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Fathers of the Church

Epistle IV: to Januarius, Bishop of Caralis


This epistle is from Book IX of the Register of the Epistles of Saint Gregory the Great. Agilulph, leader of the barbarian Lombards, had just invaded Sardinia. Here Gregory tells Januarius that a peace is being arranged with the Lombards, but to keep careful watch until the agreement is drawn up. Regarding the various complaints brought against Januarius, Gregory says that the worst of them all is that Januarius plowed up a field of corn not belonging to him and dug up its boundaries. (See Epistle I, Book IX for Gregory's first words to Januarius on this matter.)


St. Gregory (b. 540 in Rome) was elected pope at the age of 50, serving from 590 to 604. In 14 years he accomplished much for the Church. England owes her conversion to him. At a period when the invasion of the barbarian Lombards created a new situation in Europe, he played a great part in winning them for Christ. At the same time, he watched equally over the holiness of the clergy and the maintenance of Church discipline, the temporal interests of his people of Rome and the spiritual interests of all Christendom. He removed unworthy priests from office, forbade the taking of money for many services, and emptied the papal treasury to ransom prisoners of the Lombards and to care for persecuted Jews and victims of plague and famine. Gregory also reformed the liturgy, and it still contains several of his most beautiful prayers. The name "Gregorian chant" recalls this great Pope's work in the development of the Church's music. His commentaries on Holy Scripture exercised a considerable influence on Christian thought in the Middle Ages. Following his death in 604, his numerous epistles, including the following letter, were compiled into the Papal Register of Letters.

by Gregory the Great in 590-604 | translated by James Barmby, D.d

Gregory to Januarius, a Bishop of Sardinia.

We knew before the letter of your Fraternity reached us what our enemies had effected in Sardinia. And, having for some time feared that this would be so, we now groan with you on what we foresaw having come to pass. But, if attention had been paid to what we wrote to our most excellent son Gennadius, as well as to yourself, telling you that this would be so, the enemy would either not have come into your regions, or, when they came, they would have incurred the danger which they have caused. Even now, then, let what has happened sharpen your vigilance for the future. For we, too, by no means omit whatever we are able to do for good, the Lord helping us.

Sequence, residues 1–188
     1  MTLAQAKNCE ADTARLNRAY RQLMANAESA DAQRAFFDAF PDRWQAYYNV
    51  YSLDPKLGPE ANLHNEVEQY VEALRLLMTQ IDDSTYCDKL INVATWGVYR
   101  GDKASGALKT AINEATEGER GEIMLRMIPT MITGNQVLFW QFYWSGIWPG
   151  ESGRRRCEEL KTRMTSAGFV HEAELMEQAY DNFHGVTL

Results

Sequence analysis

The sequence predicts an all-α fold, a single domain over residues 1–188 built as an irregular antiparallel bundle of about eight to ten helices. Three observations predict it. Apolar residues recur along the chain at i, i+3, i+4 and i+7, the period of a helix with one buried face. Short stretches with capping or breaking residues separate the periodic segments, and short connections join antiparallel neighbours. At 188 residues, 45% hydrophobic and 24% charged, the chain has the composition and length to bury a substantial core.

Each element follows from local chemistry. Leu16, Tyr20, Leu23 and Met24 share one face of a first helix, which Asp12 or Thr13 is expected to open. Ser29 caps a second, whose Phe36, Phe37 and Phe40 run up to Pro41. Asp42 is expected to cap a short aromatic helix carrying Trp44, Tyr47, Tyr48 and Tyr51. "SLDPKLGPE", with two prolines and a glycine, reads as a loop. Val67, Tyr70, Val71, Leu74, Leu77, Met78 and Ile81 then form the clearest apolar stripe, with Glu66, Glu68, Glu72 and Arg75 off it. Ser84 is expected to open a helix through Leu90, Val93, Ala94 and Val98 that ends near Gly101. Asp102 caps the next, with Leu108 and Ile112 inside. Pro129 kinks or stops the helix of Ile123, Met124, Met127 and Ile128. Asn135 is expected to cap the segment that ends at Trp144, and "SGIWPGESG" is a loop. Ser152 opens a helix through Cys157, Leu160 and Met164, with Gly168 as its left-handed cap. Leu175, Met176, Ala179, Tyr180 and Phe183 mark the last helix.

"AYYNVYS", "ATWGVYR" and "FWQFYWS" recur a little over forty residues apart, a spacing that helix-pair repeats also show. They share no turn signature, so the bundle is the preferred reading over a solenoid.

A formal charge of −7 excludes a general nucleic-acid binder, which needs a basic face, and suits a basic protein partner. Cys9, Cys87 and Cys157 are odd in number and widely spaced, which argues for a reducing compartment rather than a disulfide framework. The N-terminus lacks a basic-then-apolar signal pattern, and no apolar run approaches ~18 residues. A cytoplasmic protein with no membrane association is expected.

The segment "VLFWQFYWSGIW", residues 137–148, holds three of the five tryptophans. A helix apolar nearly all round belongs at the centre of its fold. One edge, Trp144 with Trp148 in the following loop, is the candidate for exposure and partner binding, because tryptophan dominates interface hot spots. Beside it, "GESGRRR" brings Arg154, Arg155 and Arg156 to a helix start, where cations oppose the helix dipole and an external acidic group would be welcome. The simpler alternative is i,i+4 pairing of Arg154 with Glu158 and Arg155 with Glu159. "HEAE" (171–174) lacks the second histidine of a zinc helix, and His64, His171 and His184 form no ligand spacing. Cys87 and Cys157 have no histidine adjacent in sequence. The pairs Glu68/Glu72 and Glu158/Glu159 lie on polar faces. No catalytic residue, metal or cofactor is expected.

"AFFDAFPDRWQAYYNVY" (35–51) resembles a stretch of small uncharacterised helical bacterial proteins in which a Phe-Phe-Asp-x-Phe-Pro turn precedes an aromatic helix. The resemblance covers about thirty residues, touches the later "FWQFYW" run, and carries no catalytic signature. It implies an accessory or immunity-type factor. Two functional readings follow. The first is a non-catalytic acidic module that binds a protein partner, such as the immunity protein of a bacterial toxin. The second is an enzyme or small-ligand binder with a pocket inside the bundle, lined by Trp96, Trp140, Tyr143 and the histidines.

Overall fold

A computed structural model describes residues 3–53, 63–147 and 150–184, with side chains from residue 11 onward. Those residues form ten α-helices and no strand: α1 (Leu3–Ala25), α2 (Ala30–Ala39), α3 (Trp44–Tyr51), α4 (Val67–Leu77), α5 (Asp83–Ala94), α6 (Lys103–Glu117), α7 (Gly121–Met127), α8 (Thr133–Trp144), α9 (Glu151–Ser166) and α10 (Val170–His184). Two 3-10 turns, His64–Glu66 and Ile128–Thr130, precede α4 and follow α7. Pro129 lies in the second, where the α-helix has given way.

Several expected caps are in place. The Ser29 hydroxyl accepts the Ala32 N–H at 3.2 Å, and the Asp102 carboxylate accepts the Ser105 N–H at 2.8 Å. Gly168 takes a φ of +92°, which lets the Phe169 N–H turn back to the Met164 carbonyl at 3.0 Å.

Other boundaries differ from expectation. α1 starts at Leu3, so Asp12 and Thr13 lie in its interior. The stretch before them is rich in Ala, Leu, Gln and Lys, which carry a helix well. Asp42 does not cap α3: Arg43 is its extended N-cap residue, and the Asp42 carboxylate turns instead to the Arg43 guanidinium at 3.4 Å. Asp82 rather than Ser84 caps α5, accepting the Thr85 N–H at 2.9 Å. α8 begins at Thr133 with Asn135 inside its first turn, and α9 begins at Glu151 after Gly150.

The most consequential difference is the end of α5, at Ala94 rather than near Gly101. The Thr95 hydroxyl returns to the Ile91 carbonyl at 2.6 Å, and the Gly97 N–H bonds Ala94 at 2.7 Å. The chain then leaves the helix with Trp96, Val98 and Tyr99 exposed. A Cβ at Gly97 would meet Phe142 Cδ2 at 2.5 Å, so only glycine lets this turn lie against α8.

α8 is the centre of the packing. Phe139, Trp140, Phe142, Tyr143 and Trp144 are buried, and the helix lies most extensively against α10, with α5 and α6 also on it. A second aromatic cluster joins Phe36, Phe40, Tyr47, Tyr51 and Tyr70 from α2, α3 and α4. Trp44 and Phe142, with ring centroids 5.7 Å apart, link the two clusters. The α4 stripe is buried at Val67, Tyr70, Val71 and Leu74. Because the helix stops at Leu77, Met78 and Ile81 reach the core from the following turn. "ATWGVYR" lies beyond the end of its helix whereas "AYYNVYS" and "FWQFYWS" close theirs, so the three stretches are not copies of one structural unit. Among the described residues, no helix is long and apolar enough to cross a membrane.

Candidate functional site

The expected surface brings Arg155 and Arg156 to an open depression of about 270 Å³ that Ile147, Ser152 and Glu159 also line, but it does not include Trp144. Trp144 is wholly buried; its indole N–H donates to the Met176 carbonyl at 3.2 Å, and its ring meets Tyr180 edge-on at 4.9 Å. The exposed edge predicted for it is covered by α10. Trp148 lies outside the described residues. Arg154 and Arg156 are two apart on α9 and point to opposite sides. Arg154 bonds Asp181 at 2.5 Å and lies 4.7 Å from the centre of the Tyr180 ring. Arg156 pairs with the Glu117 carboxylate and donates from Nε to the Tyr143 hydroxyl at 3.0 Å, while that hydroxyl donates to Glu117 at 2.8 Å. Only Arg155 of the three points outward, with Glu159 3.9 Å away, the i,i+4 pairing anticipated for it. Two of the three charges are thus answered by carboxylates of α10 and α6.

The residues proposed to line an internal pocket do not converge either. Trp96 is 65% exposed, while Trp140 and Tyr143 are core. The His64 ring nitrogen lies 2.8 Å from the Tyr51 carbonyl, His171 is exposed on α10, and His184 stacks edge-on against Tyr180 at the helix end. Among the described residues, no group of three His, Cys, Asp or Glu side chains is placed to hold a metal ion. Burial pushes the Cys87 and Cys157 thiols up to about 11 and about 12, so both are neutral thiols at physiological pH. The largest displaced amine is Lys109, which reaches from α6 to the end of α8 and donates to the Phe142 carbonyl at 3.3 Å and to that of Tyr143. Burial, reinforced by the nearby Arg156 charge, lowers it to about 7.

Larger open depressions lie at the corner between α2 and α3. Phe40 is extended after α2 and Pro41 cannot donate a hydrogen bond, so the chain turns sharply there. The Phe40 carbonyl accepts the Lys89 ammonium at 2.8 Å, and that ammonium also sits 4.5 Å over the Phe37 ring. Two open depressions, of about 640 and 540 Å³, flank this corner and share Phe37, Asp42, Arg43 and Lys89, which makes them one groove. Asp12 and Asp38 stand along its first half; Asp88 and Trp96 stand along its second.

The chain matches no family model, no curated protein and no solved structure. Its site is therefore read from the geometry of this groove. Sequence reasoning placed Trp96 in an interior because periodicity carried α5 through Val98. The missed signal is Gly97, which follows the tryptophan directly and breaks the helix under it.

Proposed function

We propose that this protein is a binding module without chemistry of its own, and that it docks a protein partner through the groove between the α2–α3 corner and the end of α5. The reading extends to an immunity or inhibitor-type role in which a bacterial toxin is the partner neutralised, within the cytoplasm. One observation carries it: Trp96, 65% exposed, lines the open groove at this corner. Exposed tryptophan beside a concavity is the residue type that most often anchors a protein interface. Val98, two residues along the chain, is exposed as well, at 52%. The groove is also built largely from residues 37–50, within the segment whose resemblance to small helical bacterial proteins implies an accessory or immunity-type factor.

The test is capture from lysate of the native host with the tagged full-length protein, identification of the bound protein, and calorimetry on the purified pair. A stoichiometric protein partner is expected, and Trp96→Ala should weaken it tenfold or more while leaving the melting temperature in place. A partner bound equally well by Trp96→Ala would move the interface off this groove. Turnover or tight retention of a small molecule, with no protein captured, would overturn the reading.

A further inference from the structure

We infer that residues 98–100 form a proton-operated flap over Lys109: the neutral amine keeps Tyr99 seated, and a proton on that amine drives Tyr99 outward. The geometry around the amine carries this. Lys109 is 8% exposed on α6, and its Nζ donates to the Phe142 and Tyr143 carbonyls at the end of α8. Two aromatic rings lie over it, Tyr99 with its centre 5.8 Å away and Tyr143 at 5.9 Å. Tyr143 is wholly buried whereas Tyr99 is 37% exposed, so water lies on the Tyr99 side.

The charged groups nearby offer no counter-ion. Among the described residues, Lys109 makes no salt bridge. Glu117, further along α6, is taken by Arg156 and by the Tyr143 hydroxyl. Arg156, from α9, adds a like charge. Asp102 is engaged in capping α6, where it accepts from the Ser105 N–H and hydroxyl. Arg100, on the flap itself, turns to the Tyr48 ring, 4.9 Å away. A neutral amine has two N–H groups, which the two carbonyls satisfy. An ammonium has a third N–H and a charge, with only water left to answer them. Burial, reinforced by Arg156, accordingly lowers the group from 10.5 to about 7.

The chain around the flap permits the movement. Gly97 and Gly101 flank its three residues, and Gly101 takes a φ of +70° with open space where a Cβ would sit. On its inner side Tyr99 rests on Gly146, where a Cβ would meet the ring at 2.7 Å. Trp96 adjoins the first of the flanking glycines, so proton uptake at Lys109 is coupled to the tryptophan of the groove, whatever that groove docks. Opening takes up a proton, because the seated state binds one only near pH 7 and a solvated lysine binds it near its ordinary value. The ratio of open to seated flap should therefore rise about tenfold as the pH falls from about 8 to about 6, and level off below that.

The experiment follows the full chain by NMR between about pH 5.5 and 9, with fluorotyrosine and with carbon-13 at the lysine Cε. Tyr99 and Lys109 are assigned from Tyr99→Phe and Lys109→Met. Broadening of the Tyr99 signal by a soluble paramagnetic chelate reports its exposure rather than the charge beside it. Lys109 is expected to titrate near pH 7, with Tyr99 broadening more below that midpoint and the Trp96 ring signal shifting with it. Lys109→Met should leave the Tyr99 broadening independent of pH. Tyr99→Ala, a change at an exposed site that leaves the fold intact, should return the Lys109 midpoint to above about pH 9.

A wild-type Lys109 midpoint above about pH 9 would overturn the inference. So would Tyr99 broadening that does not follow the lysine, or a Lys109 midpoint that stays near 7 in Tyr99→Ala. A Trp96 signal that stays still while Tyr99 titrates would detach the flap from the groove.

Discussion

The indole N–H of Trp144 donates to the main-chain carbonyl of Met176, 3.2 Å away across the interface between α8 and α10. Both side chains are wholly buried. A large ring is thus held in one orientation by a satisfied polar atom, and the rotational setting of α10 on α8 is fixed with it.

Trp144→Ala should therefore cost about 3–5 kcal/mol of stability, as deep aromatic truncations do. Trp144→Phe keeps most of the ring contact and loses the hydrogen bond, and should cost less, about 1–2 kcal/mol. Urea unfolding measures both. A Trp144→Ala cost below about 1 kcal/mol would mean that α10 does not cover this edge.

Know, moreover, that the abbot whom, now a considerable time ago, we sent to Agilulph, has by the mercy of God arranged a peace with him, so far as was directed in writing by the most excellent Exarch. And so, till such time as the agreements for the confirmation of this peace shall be drawn up, lest perchance our enemies during the present delay should be inclined to come again into those parts, do you cause watches of the walls to be kept up, and careful attention given in all places. And we trust in the power of our Redeemer that the incursions or plots of our adversaries will not injure you anew.

As to your saying in your letter that many persons lay complaints against you before us, this is true; but among various things nothing has distressed us so much as what our most beloved son, the abbot Cyriacus, has reported to us; namely, that on the Lord's day before mass you caused a crop of corn to be ploughed up in the field which is in the possession of Donatus, and, as if that were not enough, went, after the sacrifice was finished, in person to the place, and dug up the boundaries. For this reason I exhort thee to consider with anxious attention the office which thou bearest, and to avoid entirely whatever may injure thy reputation or thy soul, and let no one persuade thee to do the like again. For know that thou hast not undertaken the care of earthly things, but the leadership of souls. On this, therefore, thou oughtest to fix thy heart, thy anxiety, thy entire devotion. and to give thy diligent thought to the winning of souls, that when thou shalt render to the Lord at His coming the talents that He has delivered to thee multiplied, thou mayest be counted worthy to receive from Him the fruit of retribution, and to be exalted among His faithful servants in eternal glory. Know, however, that what I now say in the way of reproach or blame comes not from asperity, but from brotherly love, since I desire thee to be found a priest before Almighty God, not in name only, which tends only to punishment, but also in desert, which looks to recompense. For, we being one member in the body of our Redeemer, as I am rent asunder in thy fault, so also am I rejoiced in thy good conduct.

Furthermore, with regard to your desire that we should depute a person from our side (a nostro latere), to whom you may communicate in detail the cases that are to be referred to us, write whatever you will to our most beloved son Peter and to Theodore the counsellor (consiliario), that, when it has been communicated to us through them, whatever reason may commend may be settled, the Lord revealing the way. Moreover, concerning our brother and fellow-bishop Marinianus, cognizance will be taken, when peace with the aforesaid Agilulph shall have been fully confirmed, and whatever the order of reason may dictate will be done.

Taken from "The Early Church Fathers and Other Works" originally published by Wm. B. Eerdmans Pub. Co. in English in Edinburgh, Scotland, beginning in 1867. (LNPF II/XIII, Schaff and Wace). The digital version is by The Electronic Bible Society, P.O. Box 701356, Dallas, TX 75370, 214-407-WORD.

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